What was it like collaborating with Zack Snyder on the screenplay? Were there a lot of changes that the two of you made to your original script once he came on to the project?
John Orloff: Once Zack came on a whole lot of meetings began to take place between myself, Zack and Deb Snyder about how to take the script that I had written, which at that point was quite long and cut it down. The movie is based on the first three books because the first book is not a complete story. The first book only goes with Soren until he escapes the owl concentration camp and that is not a full story. I mean it's called the Legend of The Guardians and he doesn't even meet the Guardians until the third book. So we all agreed that it needed to be the first three books in the first movie. So the first three books are like a thousand pages and my first draft was one hundred and sixty so we had to whittle that down to a hundred and five. So that was the next step of me, Zack and Deb having meeting after meeting and draft and draft, going through the process not only shorting and trimming it but "Zack-ing" it up, if you know what I mean? My first draft I didn't write with Zack in mind. I know people use this term a lot but he really is a visionary director. He has an eye that is completely different than any other director working. You can imagine my leaps for joy when I heard that he wanted to make the movie because I'm a big Zack fan too and when I heard he might do it I was like, "Wow, imagine him directing these aerial combat sequences!" So I got excited and then it just became about how do we trim what I had written and then "Zack-ing" it up.
Can you talk about some of the changes that you had to make from the original source material when you were adapting it to the big screen?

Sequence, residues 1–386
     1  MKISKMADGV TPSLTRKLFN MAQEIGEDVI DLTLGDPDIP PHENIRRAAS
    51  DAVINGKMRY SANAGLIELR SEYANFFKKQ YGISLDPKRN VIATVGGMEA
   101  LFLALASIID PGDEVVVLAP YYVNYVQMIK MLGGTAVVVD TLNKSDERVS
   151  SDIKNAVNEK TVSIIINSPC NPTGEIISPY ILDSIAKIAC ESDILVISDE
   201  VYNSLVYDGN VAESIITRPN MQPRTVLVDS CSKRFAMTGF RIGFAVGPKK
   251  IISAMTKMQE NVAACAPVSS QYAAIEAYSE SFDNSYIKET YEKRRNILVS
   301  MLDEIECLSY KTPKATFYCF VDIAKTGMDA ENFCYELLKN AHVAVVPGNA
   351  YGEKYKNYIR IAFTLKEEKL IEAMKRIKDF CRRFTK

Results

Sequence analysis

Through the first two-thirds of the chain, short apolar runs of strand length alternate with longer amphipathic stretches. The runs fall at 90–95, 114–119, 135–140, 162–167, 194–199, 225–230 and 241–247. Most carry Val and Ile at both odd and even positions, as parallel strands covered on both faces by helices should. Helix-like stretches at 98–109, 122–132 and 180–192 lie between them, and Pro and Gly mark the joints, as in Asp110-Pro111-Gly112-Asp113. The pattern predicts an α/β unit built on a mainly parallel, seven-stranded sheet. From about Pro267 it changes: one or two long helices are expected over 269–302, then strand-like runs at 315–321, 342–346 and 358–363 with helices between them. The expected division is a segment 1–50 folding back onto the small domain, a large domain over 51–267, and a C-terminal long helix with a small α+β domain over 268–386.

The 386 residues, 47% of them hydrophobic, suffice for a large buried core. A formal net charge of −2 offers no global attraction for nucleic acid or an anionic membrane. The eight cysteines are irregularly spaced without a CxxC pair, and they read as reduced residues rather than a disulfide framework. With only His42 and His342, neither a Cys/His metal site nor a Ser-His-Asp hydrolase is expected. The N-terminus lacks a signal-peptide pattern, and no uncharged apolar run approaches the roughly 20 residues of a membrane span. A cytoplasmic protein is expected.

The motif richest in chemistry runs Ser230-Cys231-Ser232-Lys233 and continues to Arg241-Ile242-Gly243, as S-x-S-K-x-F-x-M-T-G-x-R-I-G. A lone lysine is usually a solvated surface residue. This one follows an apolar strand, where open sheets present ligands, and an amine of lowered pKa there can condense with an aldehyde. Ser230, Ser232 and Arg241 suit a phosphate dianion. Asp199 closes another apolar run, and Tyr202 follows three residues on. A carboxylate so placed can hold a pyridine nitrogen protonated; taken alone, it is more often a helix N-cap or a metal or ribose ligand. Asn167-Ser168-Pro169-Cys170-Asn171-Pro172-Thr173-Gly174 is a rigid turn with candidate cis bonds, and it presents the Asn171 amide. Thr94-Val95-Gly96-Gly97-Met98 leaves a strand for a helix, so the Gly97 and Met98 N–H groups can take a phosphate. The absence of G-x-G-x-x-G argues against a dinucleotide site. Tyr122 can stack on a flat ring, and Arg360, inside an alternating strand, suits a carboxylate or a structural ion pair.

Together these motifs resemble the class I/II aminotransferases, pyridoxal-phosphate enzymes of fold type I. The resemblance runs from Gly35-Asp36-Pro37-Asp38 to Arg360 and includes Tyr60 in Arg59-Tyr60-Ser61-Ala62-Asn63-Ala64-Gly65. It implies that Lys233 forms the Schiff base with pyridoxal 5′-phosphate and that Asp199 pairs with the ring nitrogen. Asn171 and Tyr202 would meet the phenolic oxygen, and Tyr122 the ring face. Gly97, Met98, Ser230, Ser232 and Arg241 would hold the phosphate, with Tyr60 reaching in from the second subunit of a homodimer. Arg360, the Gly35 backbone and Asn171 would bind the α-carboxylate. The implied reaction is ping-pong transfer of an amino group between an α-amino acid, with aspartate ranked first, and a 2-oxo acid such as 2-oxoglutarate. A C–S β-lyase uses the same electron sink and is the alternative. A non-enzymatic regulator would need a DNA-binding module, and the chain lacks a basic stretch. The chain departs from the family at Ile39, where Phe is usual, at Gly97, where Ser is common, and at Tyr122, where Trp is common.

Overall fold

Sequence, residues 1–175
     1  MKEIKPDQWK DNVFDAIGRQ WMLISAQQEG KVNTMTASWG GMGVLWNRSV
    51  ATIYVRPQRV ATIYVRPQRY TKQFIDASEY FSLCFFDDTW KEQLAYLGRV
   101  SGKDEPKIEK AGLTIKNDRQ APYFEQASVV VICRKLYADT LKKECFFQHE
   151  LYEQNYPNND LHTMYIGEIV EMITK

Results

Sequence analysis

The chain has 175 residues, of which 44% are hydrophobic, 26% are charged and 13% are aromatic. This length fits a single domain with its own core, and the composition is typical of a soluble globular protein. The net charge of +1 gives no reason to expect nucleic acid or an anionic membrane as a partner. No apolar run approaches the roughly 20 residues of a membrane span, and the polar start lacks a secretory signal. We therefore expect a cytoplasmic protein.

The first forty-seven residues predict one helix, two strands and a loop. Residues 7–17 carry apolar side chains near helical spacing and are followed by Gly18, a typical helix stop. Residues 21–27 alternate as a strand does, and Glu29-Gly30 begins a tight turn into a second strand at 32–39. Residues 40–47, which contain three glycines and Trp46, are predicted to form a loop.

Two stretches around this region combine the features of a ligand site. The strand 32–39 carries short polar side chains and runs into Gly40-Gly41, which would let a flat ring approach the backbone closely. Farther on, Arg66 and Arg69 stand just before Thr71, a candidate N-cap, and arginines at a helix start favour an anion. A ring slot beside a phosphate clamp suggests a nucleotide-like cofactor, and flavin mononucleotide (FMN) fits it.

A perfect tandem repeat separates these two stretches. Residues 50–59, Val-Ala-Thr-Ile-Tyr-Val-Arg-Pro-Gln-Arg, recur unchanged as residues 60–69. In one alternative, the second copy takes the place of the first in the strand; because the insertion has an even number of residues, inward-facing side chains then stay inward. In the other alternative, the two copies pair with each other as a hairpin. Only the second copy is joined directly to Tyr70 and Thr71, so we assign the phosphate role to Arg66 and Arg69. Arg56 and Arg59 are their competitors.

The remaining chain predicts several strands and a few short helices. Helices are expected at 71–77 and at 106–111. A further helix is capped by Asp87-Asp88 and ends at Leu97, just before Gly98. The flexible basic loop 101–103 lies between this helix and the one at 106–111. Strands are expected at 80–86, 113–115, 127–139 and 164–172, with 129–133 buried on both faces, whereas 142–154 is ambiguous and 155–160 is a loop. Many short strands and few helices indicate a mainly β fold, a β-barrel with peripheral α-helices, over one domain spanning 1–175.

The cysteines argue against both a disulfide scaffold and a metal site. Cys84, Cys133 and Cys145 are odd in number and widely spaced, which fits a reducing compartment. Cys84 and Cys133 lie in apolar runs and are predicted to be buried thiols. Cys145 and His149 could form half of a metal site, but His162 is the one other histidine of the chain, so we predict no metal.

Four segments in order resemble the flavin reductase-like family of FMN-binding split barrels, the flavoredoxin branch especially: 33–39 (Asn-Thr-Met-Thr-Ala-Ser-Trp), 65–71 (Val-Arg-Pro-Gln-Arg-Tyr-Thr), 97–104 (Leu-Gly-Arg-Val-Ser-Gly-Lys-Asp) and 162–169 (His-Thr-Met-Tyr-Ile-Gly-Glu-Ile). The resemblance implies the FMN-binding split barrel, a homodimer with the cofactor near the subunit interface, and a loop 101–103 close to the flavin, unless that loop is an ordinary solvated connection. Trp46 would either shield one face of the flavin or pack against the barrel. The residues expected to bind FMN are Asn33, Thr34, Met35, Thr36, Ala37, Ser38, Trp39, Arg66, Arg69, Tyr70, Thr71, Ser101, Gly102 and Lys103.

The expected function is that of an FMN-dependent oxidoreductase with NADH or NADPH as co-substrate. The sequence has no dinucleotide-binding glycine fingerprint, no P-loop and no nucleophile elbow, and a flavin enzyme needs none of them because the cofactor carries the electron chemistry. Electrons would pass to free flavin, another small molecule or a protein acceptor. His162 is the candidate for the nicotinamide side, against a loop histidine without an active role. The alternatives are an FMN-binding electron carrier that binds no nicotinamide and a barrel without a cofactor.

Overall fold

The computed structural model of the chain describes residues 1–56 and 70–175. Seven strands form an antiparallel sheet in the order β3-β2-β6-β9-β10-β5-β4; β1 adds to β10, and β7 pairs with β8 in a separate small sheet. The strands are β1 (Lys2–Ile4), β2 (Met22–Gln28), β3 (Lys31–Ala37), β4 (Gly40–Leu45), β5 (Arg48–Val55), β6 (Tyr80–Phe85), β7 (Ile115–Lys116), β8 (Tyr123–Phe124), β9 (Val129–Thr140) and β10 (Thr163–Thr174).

John Orloff: Yeah. Well that has kind of been my thing, adaptation so I'm pretty good at it and I had conversations with Kathryn Lasky. I would call her up and tell her that I was thinking about making a change and ask her what she would think. Just so I could make sure that it was within the spirit of the books. Luckily most of the time she would say, "Oh, I wished I had thought of that." Let me give you an example. In the books, that concentration camp is controlled and run by a whole other set of bad guys from the Pure Ones. The Pure Ones don't even come into the story until book three, so the first thing I came up with was having the concentration camp be run by the Pure Ones and have that be like their forced mine to get flecks, the ultimate weapon in the Owl kingdom. Everyone thought that was great because it really unified two of the ideas from the book together. So that was the first big change and the second, and this would be a SPOILER ALERT, was that in the books a lot of time passes in Soren's life from the first book to the third. He starts off really young in the books, he's barely beyond a child. In the books, as he is trying to find the Guardians a lot of time goes by and in that time Kludd creates the Pure Ones. Kludd is Metalbeak in the books. I said that we couldn't do that because how was Kludd going to raise an army so quickly? How would he be able to learn to be evil? So the other big thing I recommended to everybody was lets make Metalbeak and Kludd two separate characters. Then at the end of the movie once Soren and Ezylryb have defeated Metalbeak, one of the final images will be Kludd sort of wounded and broken in the embers of the fire discovering Metalbeak's mask and taking the mantel of being the next leader on the Pure Ones. All of that was done with Kathryn's blessing and she was really incredibly supportive of both of those changes and agreed that it made for a much more streamlined storyline. So those were the big changes and then it just became about sharing these characters in the most economical way possible. So we began to slice off almost a third of my original draft to make it in the actual movie.